|Zero Positional Tolerance at MMC||Recently I received an email from a person who had red my book and asked why the use of zero positional tolerance at maximum material condition was not more widely used. Her question was, “If zero positional tolerance at MMC has the ability to increase through put of parts that would normally be rejected and not adversely affect quality, then why wouldn’t more companies at least investigate this method off tolerancing?” My response to her email is the subject of this month’s newsletter.|
|The Tangent Plane Applied to Perpendicularity||The concept of the tangent plane was introduced in the 1994 standard. Its purpose it to maintain the orientation of the high points – that is the contact points – of a surface relative to its' mating feature. The perpendicularity, parallelism, and angularity controls of a plane flat surface not only control the orientation of a feature, but also control the flatness of the feature to the same tolerance. Specifying the circle T modifier insures the proper orientation without requiring flatness to the same tight tolerance.|
|Flatness of a Derived Median Plane||In the 2009 Standard, the standards committee converted straightness of a derived median plane to flatness of a derived median plane. Flatness of the median plane better describes the three-dimensional aspect of this control. Open the attached file below to learn more about the application of flatness of a derived median plane.|
|The Datum Reference Frame||Datums are the reference surfaces or the starting points for the location and orientation of features. They are essential for appropriate and complete tolerancing of a part. Datum geometries can become very complicated when they are features of size, compound datums, or features of an unusual shape. Geometric Dimensioning and Tolerancing provides the framework necessary for dealing with these complex datum features. The simpler plus or minus tolerancing system ignores these complexities which means that plus or minus toleranced drawings cannot adequately tolerance feature of sizes. As a result, many plus or minus toleranced drawings are subject to more than one interpretation.|
|Rule #1||I have discussed rules in a previous newsletter; however, Rule #1 is not well understood, and it is so important that it requires additional discussion. Many individuals in my classes are surprised to learn that the size tolerance of a feature not only controls its size, but also controls its form.|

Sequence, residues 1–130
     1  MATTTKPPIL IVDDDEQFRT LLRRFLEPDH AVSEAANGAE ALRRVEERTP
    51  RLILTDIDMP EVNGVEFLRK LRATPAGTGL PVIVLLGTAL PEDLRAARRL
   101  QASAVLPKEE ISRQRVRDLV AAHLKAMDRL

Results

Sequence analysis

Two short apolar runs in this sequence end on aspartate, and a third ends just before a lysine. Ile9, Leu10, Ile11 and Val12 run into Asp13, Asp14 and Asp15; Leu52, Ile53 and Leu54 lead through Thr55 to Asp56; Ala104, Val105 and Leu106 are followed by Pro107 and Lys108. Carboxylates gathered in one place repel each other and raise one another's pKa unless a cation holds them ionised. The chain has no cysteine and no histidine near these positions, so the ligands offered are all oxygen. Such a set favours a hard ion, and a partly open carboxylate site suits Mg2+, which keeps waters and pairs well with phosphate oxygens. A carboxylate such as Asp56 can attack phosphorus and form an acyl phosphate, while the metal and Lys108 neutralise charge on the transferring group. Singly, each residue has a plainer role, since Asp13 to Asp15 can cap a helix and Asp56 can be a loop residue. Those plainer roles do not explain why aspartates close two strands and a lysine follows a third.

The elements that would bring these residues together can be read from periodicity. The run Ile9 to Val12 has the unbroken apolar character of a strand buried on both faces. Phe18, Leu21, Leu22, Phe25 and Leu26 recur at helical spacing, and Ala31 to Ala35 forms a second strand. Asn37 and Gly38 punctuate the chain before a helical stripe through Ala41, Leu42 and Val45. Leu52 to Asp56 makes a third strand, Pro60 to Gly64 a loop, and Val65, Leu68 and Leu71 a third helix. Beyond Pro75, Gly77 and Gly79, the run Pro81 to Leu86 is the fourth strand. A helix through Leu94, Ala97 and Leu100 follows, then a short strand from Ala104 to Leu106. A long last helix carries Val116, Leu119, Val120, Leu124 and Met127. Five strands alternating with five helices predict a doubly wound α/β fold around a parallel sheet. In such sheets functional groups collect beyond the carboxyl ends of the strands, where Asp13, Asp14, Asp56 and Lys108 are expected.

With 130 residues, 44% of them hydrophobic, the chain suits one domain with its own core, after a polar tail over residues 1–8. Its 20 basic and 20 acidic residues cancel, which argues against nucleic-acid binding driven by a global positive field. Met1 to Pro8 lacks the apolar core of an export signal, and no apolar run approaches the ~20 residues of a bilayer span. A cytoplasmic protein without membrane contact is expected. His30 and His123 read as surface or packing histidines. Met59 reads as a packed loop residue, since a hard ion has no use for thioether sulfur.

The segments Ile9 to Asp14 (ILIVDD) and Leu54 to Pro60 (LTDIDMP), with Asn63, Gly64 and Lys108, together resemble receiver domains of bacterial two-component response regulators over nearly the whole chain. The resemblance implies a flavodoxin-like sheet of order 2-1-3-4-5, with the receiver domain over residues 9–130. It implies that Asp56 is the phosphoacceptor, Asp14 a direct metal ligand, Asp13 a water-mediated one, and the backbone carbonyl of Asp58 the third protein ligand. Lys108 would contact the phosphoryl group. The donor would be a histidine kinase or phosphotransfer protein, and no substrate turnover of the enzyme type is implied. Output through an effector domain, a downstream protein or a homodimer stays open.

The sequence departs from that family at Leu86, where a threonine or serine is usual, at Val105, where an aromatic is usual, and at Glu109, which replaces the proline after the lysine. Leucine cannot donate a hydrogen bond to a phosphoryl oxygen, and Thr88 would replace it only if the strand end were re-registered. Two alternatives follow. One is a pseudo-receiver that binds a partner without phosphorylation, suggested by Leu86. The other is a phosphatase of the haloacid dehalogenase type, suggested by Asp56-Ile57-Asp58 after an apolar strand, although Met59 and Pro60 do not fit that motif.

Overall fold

|Imaginary GD&T Concepts||Imaginary concepts are imaginary because they are considered to be perfect. Perfect geometries do not exist in this universe; therefore, they are imaginary. In the world of geometric tolerancing, measurements are thought to start from a perfect surface and end in a perfect tolerance zone. Of course measurements can’t actually be taken from imaginary surfaces, so very accurate simulated datum features are established. Imaginary datums are assumed to exist in and be simulated by these simulated datum features. Simulated datum features are also known as tooling.|
|Frequently Used Drawing Symbols||Geometric dimensioning and tolerancing is a graphic language that consists of very specifically defined symbols, terms, and rules. These symbols, terms, and rules are the alphabet, the definitions, and the syntax of this language. Recently a client asked me if he had to memorize all of the GD&T symbols. I suggested that he memorize the most frequently used symbols and not worry about the drawing symbols that are only occasionally used. This newsletter deals with the symbols most frequently used on drawing.|
|A Pattern of Features Located to a Second Pattern of Features||Patterns of features may be toleranced to a second pattern of features as well as to an individual feature(s). Many times there is more than one way to tolerance features on a part. The example shown in this month’s newsletter is one of those parts that can be toleranced with more than one method. The most practical tolerancing method is illustrated by feature control frame number 1. If that method is not practical or does not satisfy the tolerancing requirement, feature control frame number 2 is the next best option.|
|A Strategy for Tolerancing a Part||When tolerancing a part, the designer must determine the attributes of each feature or pattern of features and the relationship of these features to their datum features and to each other. In other words, the designer must determine the size, the size tolerance, the form tolerance, the location dimensions, and the location and orientation tolerances of each feature. Also, the designer must decide which are the most appropriate datum features, and what material conditions apply to any features of sizes. All of these questions must be answered in order to properly tolerance a part. Some designers believe that parts designed with a solid modeling CAD program do not require tolerancing; nothing could be further from the truth. The Dimensioning and Tolerancing standard clearly indicates that, with the exceptions of reference, maximum, minimum, or stock dimensions, each dimension shall have a tolerance.|